FIGS. 10 and 11 differ from FIGS. 8 and 9 in the following points. “DI RATIO r=100%” holds in the range where the engine speed of the engine is equal to or higher than NE(1) in the map for the warm state, and in the range where the engine speed is NE(3) or higher in the map for the cold state. Further, except for the low-speed range, “DI RATIO r=100%” holds in the range where the load factor is KL(2) or greater in the map for the warm state, and in the range where the load factor is KL(4) or greater in the map for the cold state. This means that fuel injection is carried out using only in-cylinder injector 110 in the range where the engine speed is at a predetermined high level, and that fuel injection is often carried out using only in-cylinder injector 110 in the range where the engine load is at a predetermined high level. However, in the low-speed and high-load range, mixing of an air-fuel mixture formed by the fuel injected from in-cylinder injector 110 is poor, and such inhomogeneous air-fuel mixture within the combustion chamber may lead to unstable combustion. Thus, the fuel injection ratio of in-cylinder injector 110 is increased as the engine speed increases where such a problem is unlikely to occur, whereas the fuel injection ratio of in-cylinder injector 110 is decreased as the engine load increases where such a problem is likely to occur. These changes in the fuel injection ratio of in-cylinder injector 110, or, the DI ratio r, are shown by crisscross arrows in FIGS. 10 and 11. In this manner, variation in output torque of the engine attributable to the unstable combustion can be suppressed. It is noted that these measures are approximately equivalent to the measures to decrease the fuel injection ratio of in-cylinder injector 110 as the state of the engine moves toward the predetermined low speed range, or to increase the fuel injection ratio of in-cylinder injector 110 as the engine state moves toward the predetermined low load range. Further, except for the relevant range (indicated by the crisscross arrows in FIGS. 10 and 11), in the range where fuel injection is carried out using only in-cylinder injector 110 (on the high speed side and on the low load side), a homogeneous air-fuel mixture is readily obtained even when the fuel injection is carried out using only in-cylinder injector 110. In this case, the fuel injected from in-cylinder injector 110 is atomized within the combustion chamber involving latent heat of vaporization (by absorbing heat from the combustion chamber). Accordingly, the temperature of the air-fuel mixture is decreased at the compression side, and thus, the antiknock performance improves. Further, with the temperature of the combustion chamber decreased, intake efficiency improves, leading to high power output.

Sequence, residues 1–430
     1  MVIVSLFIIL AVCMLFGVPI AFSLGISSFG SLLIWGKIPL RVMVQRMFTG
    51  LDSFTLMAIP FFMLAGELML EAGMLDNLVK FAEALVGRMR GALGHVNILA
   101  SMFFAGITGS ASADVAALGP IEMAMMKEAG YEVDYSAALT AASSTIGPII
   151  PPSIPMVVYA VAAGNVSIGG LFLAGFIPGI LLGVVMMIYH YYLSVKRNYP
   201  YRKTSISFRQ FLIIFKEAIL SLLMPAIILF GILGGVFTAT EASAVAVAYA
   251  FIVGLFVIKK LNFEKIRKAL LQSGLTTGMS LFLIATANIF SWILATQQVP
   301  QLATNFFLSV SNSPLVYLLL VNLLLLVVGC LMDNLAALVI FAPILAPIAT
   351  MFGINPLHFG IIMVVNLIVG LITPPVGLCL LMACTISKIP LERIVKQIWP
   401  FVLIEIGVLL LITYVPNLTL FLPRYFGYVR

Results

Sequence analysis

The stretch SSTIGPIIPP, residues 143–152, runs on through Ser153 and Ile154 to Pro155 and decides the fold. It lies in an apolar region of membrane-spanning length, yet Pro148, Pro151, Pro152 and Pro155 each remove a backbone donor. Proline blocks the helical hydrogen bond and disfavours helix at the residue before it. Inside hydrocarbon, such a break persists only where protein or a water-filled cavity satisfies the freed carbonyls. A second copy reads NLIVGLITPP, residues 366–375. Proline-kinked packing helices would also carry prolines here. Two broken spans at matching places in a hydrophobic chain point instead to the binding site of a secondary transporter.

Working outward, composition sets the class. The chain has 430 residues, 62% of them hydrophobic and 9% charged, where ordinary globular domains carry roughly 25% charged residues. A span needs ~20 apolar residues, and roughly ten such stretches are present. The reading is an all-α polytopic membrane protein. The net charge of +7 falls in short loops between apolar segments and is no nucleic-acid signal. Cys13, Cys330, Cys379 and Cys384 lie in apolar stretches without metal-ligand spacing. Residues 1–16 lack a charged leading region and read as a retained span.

In engine 10 explained in conjunction with FIGS. 8-11, homogeneous combustion is achieved by setting the fuel injection timing of in-cylinder injector 110 in the intake stroke, while stratified charge combustion is realized by setting it in the compression stroke. That is, when the fuel injection timing of in-cylinder injector 110 is set in the compression stroke, a rich air-fuel mixture can be located locally around the spark plug, so that a lean air-fuel mixture in the combustion chamber as a whole is ignited to realize the stratified charge combustion. Even if the fuel injection timing of in-cylinder injector 110 is set in the intake stroke, stratified charge combustion can be realized if it is possible to provide a rich air-fuel mixture locally around the spark plug.